If we don’t expose young people to things that make them feel great, they will seek out things that make them feel “good”.

Once they become teenagers, you have to assume that your children are at least sometimes absolutely miserable.

We have all been there, and we know that it is entirely possible to go for a long time being miserable.  It is a tough time.  You couldn’t pay me to be a teenager again.

Armed with this knowledge, we should always ensure our kids are participating in things that make them feel great:

  • sports, hobbies or clubs they truly enjoy (make sure they actually still want to be in dance/football/girl guides/hockey/book club and are not being forced against their will)
  • spending regular, quality time with positive adult role models
  • honest appreciation, comfort, caring and support from parents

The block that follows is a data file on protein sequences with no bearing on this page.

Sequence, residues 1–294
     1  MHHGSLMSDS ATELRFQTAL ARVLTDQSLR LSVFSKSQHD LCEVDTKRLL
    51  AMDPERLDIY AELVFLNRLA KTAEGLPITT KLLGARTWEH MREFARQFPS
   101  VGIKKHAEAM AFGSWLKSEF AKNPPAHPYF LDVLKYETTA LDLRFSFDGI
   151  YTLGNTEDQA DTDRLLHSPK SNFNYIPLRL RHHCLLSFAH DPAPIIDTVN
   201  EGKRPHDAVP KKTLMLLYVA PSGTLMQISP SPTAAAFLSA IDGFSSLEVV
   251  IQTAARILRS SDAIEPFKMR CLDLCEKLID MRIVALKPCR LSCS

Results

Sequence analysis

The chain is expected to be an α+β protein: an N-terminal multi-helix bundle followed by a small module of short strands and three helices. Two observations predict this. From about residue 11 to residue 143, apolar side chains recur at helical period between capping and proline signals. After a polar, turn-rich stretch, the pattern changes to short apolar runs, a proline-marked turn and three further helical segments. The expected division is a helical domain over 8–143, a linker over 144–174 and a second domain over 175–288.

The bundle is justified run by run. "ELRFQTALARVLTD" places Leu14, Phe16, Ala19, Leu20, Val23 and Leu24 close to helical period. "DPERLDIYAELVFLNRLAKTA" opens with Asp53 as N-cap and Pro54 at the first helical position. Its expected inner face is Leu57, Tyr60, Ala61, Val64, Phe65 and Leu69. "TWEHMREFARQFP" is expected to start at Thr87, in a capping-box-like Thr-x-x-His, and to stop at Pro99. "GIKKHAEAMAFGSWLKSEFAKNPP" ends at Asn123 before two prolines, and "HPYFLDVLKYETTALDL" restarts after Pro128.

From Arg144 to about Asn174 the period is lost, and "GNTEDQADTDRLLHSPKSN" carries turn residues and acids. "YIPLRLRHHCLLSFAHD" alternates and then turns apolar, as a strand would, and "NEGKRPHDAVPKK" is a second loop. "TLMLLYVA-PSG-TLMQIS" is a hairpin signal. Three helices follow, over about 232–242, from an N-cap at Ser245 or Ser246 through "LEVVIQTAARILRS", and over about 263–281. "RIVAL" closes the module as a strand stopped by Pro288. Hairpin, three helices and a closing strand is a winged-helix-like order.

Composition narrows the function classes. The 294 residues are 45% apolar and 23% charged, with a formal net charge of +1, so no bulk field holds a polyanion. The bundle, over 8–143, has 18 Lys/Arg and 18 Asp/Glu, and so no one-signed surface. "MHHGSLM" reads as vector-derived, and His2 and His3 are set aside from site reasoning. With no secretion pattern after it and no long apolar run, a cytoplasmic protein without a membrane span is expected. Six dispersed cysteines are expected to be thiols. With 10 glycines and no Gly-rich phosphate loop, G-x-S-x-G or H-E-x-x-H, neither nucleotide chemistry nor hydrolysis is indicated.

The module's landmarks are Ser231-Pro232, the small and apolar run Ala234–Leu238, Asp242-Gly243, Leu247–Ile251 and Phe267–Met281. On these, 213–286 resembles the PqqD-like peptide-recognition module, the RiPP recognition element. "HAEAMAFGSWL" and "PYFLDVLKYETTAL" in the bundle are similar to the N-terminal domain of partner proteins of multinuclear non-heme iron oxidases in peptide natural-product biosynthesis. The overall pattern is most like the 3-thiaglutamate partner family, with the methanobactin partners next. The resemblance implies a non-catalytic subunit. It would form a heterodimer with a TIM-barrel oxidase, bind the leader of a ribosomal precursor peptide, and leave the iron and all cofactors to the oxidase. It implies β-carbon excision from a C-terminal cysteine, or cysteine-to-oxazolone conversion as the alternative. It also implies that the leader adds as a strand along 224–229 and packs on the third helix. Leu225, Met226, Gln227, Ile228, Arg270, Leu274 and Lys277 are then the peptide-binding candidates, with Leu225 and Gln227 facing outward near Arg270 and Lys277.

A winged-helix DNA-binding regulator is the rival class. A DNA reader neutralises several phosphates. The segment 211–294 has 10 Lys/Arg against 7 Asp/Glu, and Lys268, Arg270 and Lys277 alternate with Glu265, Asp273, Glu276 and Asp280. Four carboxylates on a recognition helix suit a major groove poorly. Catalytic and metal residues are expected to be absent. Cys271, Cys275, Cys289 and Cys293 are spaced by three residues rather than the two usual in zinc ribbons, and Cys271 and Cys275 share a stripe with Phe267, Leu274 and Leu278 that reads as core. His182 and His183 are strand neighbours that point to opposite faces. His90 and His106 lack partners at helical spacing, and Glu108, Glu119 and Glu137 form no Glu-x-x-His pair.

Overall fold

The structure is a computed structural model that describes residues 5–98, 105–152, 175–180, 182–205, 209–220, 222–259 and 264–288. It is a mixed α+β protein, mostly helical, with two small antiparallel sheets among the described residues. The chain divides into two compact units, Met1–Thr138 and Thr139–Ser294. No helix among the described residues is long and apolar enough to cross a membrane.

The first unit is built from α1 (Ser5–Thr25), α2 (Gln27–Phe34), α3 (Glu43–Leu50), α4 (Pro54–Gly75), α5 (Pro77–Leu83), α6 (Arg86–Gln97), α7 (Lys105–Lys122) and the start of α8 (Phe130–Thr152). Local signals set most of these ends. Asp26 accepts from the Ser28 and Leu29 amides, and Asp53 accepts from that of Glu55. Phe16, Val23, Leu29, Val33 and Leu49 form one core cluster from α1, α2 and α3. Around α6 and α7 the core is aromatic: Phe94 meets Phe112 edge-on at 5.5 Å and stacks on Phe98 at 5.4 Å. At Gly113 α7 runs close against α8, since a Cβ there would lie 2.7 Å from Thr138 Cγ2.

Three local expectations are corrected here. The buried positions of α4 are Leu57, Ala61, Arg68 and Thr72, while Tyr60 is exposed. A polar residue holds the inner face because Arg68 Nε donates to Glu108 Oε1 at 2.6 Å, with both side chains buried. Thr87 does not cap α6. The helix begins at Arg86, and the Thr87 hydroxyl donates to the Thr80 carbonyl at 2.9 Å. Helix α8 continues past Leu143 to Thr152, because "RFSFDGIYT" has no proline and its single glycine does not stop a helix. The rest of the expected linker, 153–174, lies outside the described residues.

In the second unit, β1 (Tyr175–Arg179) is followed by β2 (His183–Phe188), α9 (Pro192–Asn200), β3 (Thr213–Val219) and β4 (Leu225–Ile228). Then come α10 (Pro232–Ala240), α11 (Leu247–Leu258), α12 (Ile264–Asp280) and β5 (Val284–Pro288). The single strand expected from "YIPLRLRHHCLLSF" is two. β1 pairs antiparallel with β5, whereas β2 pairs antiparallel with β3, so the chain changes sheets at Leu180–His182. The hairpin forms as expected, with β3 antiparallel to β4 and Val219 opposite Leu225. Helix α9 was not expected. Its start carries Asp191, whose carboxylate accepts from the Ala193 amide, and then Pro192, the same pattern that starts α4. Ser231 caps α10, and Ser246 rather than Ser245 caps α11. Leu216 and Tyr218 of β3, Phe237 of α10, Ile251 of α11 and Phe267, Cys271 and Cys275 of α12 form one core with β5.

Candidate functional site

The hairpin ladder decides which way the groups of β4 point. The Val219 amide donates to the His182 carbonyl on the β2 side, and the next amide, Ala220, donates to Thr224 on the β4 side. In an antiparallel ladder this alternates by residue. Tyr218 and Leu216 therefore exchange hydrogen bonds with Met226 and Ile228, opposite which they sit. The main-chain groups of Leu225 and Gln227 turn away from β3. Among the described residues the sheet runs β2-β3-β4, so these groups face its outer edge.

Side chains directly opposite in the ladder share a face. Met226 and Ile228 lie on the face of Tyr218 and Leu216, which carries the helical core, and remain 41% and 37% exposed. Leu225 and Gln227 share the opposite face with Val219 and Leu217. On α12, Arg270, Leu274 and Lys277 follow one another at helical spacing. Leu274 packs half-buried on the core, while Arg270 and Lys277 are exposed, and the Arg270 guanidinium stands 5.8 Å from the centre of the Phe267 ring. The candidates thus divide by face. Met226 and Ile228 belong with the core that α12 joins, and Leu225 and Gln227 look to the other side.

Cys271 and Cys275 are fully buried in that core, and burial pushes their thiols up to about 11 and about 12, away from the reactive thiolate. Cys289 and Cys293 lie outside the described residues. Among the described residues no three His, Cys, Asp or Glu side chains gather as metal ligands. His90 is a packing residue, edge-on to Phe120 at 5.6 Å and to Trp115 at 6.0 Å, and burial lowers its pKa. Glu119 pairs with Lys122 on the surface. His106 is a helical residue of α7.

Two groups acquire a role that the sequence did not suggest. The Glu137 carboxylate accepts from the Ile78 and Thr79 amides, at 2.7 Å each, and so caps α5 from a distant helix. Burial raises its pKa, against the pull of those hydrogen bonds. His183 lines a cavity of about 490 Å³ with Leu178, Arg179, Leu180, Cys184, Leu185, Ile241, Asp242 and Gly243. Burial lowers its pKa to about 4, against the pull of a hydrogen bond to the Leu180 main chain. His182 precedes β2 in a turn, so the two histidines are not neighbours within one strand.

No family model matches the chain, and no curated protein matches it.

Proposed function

The best way to find out what makes your kid feel great/confident/appreciated/talented/enthusiastic/empowered is to ask them.

If they can’t think of anything, tell them you will work on finding out together!

The trouble is, when young people don’t feel great about themselves, “feeling good” seems an attractive second option.

Things that “feel good” are temporary, often involving physical ‘rewards’ and often resulting in the young person feeling worse than ever after it is over: using drugs or alcohol, being promiscuous, or other risky behaviour that may give a temporary rush (breaking the law, harming others, bullying, dangerous driving or other daredevil stunts, etc).

They don’t always see the risks – they just want the rewards.

Save yourself some future heartache.

Step one: learn what things make YOU feel great.

Step two: expose yourself to those things as often as possible.  Remember….be the kind of adult you want your child to become.

Step three: help your teen feel great about himself/herself and offer support for those days when they don’t.

Step four: repeat for as long as necessary.